1. Peel and cut 3 Granny smith apples in chunks and caramelize in a TBSP of butter, a pinch of cinnamon, a pinch of nutmeg and about 2 TBSP of sugar. Add 2 tsp lemon juice and the rind of 1/2 lemon. Add 2 TBSP of currants. Caramelize until the apples aare soft and caramelized. Leave to cool.
  2. Follow the basic basic recipe for galette des rois up to step 8. (Spread the almond cream in the center and place a trinket in the filling.)
  3. Spoon the cool apple filling on top of the almond cream.
  4. Cover with the second circle of pastry and squeeze the ends together.
  5. Baste the top with egg yolk and draw a pattern of your choice with a knife on the top.
  6. Leave for 30 minutes in the fridge.
  7. Bake for 25 minutes at 200 degr C. Lower the heat to 180 degr C and bake for another 10 minutes until golden brown.

Serves 6 people

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Last year we had a gentle winter and even though it made life easier, it wasn’t what nature needed, or what we needed for that matter.Our winters need to be cold for new life in spring. And so we have our cold again this year with white, frosty mornings which are so magical, I feel like I have been transported to a different world.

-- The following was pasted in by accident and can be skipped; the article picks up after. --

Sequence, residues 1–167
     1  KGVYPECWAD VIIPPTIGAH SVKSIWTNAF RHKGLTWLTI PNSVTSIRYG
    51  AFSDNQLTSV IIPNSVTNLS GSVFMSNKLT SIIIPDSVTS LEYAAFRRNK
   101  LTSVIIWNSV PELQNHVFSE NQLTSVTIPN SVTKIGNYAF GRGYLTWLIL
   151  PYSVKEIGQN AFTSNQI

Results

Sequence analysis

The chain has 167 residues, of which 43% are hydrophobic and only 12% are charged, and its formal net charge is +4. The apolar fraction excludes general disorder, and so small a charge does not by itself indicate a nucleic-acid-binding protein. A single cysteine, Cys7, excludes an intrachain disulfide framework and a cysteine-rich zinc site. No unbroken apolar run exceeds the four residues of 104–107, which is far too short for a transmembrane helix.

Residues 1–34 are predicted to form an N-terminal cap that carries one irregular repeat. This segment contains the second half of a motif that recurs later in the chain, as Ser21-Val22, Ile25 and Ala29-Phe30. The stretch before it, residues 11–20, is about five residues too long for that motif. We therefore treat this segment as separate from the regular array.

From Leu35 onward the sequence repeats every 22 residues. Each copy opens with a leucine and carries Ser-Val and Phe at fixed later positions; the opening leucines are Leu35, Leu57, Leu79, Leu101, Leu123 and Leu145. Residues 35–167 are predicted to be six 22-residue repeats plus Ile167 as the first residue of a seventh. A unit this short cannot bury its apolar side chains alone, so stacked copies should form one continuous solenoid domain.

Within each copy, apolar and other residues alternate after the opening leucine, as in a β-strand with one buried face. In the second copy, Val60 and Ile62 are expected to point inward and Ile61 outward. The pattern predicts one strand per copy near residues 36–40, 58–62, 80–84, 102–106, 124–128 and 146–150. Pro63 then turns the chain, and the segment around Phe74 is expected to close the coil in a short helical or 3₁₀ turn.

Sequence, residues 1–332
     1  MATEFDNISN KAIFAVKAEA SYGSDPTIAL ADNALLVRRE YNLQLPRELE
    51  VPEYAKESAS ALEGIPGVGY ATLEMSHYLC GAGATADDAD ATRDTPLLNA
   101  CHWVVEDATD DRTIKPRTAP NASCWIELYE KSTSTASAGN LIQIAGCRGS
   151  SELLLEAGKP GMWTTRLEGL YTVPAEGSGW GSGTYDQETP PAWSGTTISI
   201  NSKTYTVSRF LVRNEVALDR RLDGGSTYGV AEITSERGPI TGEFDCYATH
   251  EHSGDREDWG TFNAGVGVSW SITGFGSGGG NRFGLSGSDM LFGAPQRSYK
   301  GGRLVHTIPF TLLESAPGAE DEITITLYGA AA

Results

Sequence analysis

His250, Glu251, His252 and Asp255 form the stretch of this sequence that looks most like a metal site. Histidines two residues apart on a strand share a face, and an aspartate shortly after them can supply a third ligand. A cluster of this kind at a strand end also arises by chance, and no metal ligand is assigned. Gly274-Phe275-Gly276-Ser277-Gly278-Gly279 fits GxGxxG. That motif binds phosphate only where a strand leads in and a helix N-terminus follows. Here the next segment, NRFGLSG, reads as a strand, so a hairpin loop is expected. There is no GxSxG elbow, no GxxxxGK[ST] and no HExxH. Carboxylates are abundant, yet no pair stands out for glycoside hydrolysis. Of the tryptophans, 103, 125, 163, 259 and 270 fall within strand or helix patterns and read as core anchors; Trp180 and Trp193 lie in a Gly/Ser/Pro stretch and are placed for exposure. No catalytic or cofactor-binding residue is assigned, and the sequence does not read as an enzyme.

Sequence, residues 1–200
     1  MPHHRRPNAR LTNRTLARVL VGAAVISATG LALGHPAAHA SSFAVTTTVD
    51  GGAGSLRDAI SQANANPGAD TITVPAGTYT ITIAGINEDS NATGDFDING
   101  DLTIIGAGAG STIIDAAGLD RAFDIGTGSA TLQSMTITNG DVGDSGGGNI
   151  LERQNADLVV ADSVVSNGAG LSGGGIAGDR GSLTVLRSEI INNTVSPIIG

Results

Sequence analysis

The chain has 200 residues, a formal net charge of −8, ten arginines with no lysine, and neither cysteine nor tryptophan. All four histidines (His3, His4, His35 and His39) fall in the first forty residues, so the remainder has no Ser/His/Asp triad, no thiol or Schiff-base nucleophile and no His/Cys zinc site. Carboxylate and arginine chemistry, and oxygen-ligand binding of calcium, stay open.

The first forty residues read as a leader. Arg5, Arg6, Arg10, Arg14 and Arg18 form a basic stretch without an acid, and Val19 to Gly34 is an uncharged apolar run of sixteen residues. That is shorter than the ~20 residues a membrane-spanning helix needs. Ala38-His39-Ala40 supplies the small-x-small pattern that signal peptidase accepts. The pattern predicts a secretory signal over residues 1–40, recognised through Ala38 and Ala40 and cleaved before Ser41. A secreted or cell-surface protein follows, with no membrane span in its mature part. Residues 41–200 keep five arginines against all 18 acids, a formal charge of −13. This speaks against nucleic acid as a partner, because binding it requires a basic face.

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A few images from my garden from this sudden very cold January.  It reminds me how fortunate I am to live in a country which have four spectacular seasons.

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à bientôt

Ronell

coq.NEF

A scoop of yogurt mascarpone cream and grapes, flambéed with Armagnac bring total silence to the dinner table.

In my garden, we have delicious grapes growing all along our terrace and balcony. I have no clue what they are called, but I devour them.  I have planted my two favorites in the potager: Chasselas and Muscat; of which we had our first harvest this year. The wine grapes( the domaine of mon chéri) will hopefully be planted next year with proper fanfare when all our friends and children and their friends will show up(hopefully!) with muscle and vigour to help. They will be rewarded with great food…cooked by me of course!

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. I managed to grab the last two bunches of grapes of this  season for a dessert I  have been planning to post, but haven’t yet found the time to do it. I bought  the last of les raisins d’Italie, a nice green and firm grape, perfect for this dessert.

Yogurt marcarpone cream with armagnac flambéed grapes.

What else can I say. I just simply love dessert. Leaving a restaurant without finishing my meal off with dessert, is…to say the least, sad, or better yet, depressing. It needn’t be a fancy affair. A yogurt. Or a fruit. A scoop of ice cream. In this case fruit and yogurt and a luscious cream. Oh, and a drizzle of Armagnac lit up to a pretty blue flame. Et voilà, c’est fait. Dessert is served.

Yogurt marcarpone cream with armagnac flambéed grapes.-004La recette:

  1. 200 g Greek yogurt( the sour of the yogurt adds a nice flavour to the dish)
  2. 200 g mascarpone cheese
  3. 1 vanilla pod
  4. 2 TBSP castor sugar